“Getting the Shot” features the photography of URI students and recent alumni whose work illustrates the intellectual curiosity and big thinking characteristic of our community.
Kyla Duffy was hooked on film photography from the moment she took her first darkroom class at URI.
“At the photo lab in URI’s Fine Arts Center, known affectionately as the Cage, the art of film photography is very much alive,” Duffy says. “For those looking to explore this artistic process, the Cage is equipped with tools for developing and printing black-and-white film, providing students with a portal to the past.”
Working with black-and-white film
It’s pushed me to put more thought into every shot I take. Since the average roll of film allows you to capture only 36 photos, every shot is valuable. Without the ability to immediately review my images, I quickly learned the importance of contemplating the composition of a photo before taking the shot. The constraints of film photography forced me to improve my skills as an artist.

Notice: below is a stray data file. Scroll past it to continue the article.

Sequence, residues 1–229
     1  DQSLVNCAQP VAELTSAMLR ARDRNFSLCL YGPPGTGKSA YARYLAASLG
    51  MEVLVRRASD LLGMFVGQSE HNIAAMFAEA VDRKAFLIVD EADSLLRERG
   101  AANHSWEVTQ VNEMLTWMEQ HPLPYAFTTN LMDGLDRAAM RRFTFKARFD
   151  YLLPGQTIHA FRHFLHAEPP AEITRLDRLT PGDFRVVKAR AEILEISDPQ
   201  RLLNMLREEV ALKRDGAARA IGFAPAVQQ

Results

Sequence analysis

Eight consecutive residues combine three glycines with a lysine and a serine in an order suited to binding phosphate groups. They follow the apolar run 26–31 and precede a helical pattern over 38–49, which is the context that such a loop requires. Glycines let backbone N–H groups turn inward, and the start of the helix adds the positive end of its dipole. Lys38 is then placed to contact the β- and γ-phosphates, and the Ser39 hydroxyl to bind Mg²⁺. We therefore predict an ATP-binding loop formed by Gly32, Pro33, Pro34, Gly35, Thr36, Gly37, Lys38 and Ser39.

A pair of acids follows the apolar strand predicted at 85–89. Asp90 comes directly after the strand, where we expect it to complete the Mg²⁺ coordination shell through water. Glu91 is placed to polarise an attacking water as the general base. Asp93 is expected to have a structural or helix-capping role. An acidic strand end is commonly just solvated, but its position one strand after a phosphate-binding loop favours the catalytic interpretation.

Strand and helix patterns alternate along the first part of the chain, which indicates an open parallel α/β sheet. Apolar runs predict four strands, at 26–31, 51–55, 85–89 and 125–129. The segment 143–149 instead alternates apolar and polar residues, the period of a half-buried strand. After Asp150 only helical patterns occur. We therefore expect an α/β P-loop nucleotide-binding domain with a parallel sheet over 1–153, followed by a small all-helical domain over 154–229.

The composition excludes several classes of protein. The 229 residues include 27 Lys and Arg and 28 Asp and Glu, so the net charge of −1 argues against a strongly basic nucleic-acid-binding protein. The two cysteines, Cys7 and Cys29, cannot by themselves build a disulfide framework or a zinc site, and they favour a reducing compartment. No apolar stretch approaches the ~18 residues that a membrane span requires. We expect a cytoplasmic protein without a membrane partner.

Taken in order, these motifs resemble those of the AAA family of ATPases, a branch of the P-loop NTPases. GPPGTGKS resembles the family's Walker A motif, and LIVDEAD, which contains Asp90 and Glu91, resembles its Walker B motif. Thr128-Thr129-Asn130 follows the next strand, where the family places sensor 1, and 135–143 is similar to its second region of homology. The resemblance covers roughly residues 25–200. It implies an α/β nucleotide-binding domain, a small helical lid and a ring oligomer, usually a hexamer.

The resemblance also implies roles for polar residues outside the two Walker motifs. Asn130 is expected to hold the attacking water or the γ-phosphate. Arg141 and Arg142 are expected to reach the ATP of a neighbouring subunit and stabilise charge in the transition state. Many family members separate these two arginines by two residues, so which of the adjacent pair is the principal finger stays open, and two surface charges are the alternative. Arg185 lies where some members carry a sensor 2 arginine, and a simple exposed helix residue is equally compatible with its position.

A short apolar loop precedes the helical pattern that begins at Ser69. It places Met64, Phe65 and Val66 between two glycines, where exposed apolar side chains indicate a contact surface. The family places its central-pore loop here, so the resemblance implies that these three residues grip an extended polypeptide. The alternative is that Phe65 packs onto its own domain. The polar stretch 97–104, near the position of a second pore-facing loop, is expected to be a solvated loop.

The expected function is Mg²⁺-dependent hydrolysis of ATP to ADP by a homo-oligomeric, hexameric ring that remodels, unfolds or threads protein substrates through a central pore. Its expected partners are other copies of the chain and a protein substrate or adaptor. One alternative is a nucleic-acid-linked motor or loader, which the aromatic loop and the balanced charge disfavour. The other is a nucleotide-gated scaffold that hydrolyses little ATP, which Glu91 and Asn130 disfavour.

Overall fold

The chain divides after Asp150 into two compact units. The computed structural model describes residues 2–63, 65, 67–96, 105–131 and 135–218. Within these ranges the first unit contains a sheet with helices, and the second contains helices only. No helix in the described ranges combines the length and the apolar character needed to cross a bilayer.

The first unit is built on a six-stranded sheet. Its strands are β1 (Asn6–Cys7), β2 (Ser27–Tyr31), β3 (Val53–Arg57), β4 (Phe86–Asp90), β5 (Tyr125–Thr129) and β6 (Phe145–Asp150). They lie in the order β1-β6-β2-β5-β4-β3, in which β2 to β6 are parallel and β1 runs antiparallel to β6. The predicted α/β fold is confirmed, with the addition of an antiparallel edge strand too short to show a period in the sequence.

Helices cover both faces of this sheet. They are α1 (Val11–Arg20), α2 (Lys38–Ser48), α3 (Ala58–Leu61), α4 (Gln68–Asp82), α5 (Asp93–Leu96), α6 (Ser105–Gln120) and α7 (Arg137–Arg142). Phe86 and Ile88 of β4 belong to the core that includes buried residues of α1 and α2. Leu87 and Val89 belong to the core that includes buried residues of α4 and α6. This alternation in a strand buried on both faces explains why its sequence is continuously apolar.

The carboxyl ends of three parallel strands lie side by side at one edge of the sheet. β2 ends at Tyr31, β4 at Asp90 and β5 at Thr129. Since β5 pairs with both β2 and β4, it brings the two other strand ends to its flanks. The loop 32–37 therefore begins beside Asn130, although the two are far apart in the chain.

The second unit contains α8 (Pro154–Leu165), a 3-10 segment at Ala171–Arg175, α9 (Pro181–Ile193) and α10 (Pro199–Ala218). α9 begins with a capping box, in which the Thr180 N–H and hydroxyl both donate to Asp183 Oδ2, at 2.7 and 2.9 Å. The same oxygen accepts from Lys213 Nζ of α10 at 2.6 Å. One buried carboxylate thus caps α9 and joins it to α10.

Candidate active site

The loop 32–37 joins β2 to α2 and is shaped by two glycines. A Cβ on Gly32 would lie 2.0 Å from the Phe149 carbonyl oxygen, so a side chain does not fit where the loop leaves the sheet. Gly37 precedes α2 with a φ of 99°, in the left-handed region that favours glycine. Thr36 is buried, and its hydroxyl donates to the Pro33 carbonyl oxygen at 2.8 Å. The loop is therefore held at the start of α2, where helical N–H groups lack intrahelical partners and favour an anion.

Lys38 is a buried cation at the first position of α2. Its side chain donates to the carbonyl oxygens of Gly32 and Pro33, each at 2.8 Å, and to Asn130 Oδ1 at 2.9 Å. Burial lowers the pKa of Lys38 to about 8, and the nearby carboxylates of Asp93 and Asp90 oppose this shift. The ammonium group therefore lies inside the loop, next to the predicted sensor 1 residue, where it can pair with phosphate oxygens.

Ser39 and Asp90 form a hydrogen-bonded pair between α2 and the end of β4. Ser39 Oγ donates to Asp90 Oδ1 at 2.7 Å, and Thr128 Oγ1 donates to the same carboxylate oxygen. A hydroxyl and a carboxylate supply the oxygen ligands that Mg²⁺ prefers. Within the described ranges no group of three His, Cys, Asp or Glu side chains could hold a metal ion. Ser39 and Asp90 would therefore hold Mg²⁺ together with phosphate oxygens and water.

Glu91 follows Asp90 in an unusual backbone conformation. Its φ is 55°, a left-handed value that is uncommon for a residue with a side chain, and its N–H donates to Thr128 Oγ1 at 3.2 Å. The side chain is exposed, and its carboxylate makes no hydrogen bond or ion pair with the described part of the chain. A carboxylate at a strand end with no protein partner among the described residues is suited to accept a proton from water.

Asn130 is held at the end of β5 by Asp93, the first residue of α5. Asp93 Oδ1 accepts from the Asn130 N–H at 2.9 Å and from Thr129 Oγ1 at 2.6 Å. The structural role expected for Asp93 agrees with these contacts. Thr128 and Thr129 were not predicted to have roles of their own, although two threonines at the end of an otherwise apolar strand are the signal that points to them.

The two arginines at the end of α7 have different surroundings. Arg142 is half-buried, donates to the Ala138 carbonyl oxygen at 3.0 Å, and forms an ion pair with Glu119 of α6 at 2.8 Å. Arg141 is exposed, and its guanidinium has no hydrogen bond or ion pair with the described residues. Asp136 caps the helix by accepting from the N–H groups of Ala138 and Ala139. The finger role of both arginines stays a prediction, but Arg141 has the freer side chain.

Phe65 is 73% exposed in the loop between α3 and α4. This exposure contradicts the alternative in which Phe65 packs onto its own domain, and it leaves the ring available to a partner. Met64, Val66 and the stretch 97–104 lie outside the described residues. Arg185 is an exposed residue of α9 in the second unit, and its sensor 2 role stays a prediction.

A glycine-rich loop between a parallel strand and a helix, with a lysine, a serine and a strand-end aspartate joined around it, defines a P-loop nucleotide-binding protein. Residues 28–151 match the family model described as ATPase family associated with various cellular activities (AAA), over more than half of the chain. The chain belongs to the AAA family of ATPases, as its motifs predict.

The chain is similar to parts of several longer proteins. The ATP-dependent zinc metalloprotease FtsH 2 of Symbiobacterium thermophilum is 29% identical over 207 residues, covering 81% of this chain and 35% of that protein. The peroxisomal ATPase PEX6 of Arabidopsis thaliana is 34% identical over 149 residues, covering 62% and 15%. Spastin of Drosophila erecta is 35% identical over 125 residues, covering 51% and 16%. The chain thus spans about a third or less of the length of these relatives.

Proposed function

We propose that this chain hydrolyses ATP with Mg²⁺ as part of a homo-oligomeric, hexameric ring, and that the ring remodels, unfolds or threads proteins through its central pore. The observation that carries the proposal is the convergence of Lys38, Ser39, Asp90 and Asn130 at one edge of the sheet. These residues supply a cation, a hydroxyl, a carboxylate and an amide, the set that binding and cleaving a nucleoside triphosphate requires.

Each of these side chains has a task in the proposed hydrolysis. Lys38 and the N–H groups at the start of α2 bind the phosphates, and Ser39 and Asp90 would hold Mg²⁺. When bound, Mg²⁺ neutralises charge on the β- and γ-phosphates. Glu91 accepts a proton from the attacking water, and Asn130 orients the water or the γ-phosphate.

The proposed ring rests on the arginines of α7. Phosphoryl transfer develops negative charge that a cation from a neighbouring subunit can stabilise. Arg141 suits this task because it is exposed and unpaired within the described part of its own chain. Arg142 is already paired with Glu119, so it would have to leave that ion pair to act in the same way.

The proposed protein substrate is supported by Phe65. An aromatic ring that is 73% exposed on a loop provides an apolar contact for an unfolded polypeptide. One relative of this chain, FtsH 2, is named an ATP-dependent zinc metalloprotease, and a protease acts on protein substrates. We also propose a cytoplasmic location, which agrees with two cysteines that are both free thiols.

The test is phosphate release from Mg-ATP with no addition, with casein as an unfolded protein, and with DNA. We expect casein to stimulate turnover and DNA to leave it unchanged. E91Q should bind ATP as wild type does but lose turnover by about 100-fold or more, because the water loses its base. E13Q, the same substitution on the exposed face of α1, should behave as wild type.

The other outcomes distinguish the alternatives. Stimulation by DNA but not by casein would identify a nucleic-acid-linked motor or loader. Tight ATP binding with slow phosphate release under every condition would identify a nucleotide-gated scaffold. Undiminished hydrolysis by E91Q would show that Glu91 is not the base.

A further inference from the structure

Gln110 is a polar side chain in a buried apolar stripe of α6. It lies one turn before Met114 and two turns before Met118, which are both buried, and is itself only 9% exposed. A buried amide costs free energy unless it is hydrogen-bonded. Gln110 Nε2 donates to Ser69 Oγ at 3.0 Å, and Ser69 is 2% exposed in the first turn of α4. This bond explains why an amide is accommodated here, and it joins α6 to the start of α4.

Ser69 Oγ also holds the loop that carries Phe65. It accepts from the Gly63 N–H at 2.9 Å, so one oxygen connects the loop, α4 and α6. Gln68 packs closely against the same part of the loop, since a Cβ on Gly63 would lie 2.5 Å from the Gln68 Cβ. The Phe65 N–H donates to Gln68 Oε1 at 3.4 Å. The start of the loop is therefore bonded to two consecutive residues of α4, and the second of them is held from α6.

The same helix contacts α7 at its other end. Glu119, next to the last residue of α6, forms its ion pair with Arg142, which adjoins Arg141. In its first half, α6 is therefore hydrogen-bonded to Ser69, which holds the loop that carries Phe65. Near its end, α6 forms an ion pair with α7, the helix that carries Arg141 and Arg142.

On fearing you’re in the opening scene of a horror flick
I went on a shoot with a friend to photograph an abandoned building. There was a gate, but it was wide open. We probably spent an hour exploring the place and taking pictures. At one point, I remember hearing something falling or metal hitting metal, but we didn’t see anyone else around. When we got back to the gate, we discovered it was chained shut. So, naturally, we began freaking out. I got out of the car to assess the situation, and much to my relief found the chain wasn’t locked. It had just been wrapped around the gate multiple times to make it appear locked. I remember being so afraid of being locked in a creepy place, afraid of getting in trouble for trespassing, afraid of who it was who chained us in. Despite all the fear, I would do it all over, because I got some breathtaking shots, which led to some of my favorite pieces I’ve ever created.